Simplified Roubo Workbench Build Part 4 - Final Workbench Assembly
This post is part 4 in my Simplified Roubo Workbench build and covers the final workbench assembly. For part 3 see: Simplified Roubo Workbench Build Part 3 - Wedged Mortise and Tenon Joints
Before starting the workbench assembly, I added chamfers to the bottoms of the legs to prevent the timber from splitting as the workbench is moved around the floor. For the chamfers, I marked out a line 5mm from the edge at the base and bottom of each leg. Next, I used my block plane to create a 45 degree chamfer.
Now that I was ready to start the workbench assembly, I had to decide which approach I would take. I've seen a few people assemble the workbench upside down then flip it over. Given how heavy the benchtop is, I decided to assemble the workbench the right way up. To start with, I clamped the legs and stretchers together with f-clamps.
Note that the legs and stretchers were intentionally cut too long, by about 10mm, since this allows for flush cutting the joints later on.
Fitting the Benchtop
Once the base assembly was clamped together, I was faced with the slightly daunting task of fitting the benchtop. This step would have been easier if I had assembled the workbench upside down. The approach I went with was to slide the benchtop over the legs at one end at 90 degrees to the workbench assembly. Then lift and pivot the other end of the bench top until it was over the adjacent legs. Finally, I shuffled the benchtop sideways until the tenons were aligned with the mortises. To fit the tenons into the mortises, I went through a process of lifting and dropping each end of the benchtop. Keep in mind that you will need to lift the benchtop off again when it comes time to glue the mortise and tenon joints.
Leg and Stretcher Lap Joints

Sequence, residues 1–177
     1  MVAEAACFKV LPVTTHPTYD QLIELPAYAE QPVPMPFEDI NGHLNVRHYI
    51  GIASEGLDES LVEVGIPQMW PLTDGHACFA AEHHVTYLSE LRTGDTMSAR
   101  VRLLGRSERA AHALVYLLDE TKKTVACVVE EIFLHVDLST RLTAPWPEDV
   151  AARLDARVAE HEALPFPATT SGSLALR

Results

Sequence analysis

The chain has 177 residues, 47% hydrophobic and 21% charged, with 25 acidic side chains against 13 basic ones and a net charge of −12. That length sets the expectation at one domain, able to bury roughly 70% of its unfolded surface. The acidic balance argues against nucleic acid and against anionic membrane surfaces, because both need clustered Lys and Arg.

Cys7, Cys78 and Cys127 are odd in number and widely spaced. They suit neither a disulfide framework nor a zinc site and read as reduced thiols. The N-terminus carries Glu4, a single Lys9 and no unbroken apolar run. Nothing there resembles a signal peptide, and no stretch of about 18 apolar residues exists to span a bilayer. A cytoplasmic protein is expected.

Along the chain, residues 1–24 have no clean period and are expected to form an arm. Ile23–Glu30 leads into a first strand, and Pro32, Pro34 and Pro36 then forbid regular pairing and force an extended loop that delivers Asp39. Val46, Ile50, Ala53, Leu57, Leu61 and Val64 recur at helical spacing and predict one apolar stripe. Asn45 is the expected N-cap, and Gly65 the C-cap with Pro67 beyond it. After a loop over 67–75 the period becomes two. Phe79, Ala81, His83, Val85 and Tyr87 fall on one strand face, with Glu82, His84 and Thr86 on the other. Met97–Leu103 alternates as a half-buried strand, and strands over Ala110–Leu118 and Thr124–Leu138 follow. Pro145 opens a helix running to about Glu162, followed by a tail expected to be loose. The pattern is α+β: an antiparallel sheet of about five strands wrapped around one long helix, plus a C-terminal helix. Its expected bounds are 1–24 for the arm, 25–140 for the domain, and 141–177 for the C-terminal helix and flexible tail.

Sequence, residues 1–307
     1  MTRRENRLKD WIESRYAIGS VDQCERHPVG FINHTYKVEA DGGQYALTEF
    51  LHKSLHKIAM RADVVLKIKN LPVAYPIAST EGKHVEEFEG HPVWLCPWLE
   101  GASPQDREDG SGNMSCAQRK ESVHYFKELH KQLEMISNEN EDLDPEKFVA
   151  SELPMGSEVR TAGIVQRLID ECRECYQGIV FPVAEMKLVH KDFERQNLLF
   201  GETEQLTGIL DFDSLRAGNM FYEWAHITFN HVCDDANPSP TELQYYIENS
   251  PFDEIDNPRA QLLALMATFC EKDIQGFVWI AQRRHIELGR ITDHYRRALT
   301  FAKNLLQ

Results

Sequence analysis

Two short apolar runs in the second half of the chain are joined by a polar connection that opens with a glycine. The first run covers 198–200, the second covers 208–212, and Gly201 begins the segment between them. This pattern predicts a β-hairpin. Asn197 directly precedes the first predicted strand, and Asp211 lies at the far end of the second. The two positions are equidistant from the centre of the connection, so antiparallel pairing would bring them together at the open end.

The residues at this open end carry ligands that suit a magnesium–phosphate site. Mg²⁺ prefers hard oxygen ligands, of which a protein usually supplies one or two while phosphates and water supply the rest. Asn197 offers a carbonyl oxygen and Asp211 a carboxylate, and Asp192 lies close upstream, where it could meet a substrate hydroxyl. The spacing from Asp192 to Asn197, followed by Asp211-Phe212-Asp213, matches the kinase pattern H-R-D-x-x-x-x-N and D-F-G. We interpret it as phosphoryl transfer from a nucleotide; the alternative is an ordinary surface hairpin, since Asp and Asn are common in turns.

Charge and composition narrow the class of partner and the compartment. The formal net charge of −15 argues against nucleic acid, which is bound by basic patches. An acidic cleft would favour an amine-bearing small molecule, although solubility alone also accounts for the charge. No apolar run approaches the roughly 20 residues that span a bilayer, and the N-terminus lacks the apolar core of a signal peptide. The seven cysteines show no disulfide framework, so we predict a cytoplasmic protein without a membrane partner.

Now the trial assembly showed that all the components were properly aligned, I started the final assembly with the leg and stretcher lap joints. I first glued and clamped each lap joint, then drilled and screwed three wood screws to complete the joint. Not as elegant as a mortise and tenon joint, but gets the job done. Next, I filled each countersunk screw hole with some wood filler and sanded once dry. The final step was flush cutting each joint with my pull saw.
Finishing the Wedged Mortise and Tenon Joints
With the legs and stretchers now securely assembled, I could move up with finishing the wedged mortise and tenon joints. First of all I had to lift the benchtop off the tenons and position it slightly to one side. For this step you need to move reasonably quickly so it's good to plan ahead. I started by placing two wedges on the bench top next to each mortise ready for the mallet. Next, I started with applying glue to all four sides of each mortise as well as the shoulder of each tenon joint. Once each mortise and tenon was glued, I dropped the workbench back onto the tenons and repeated my method of lifting and dropping each end of the benchtop until all the mortise and tenon joints were fully seated. I then worked quickly to glue each wedge and drive into place with my mallet. To make sure each wedge was equally positioned with the other, I took turns with one or two blows on each wedge until they were fully driven into the joint.
Once the glue was dry in the mortise and tenon joints, I used my pull saw to cut them flush with the workbench surface. I also sanded each joint to remove the saw marks.
Sanding the Assembled Workbench
I next proceeded with sanding the entire workbench (benchtop, legs and stretchers) with my orbital sander. I could probably have left out sanding the benchtop at this stage, since I still had to square the benchtop with my jack plane (discussed in the next post). This is a very rewarding part of the build, since you finally get to see all your hard work come together.
That concludes this part of my Simplified Roubo workbench build. For part 5 see Simplified Roubo Workbench Build Part 5 - Flattening the Benchtop and Finishing with Tung Oil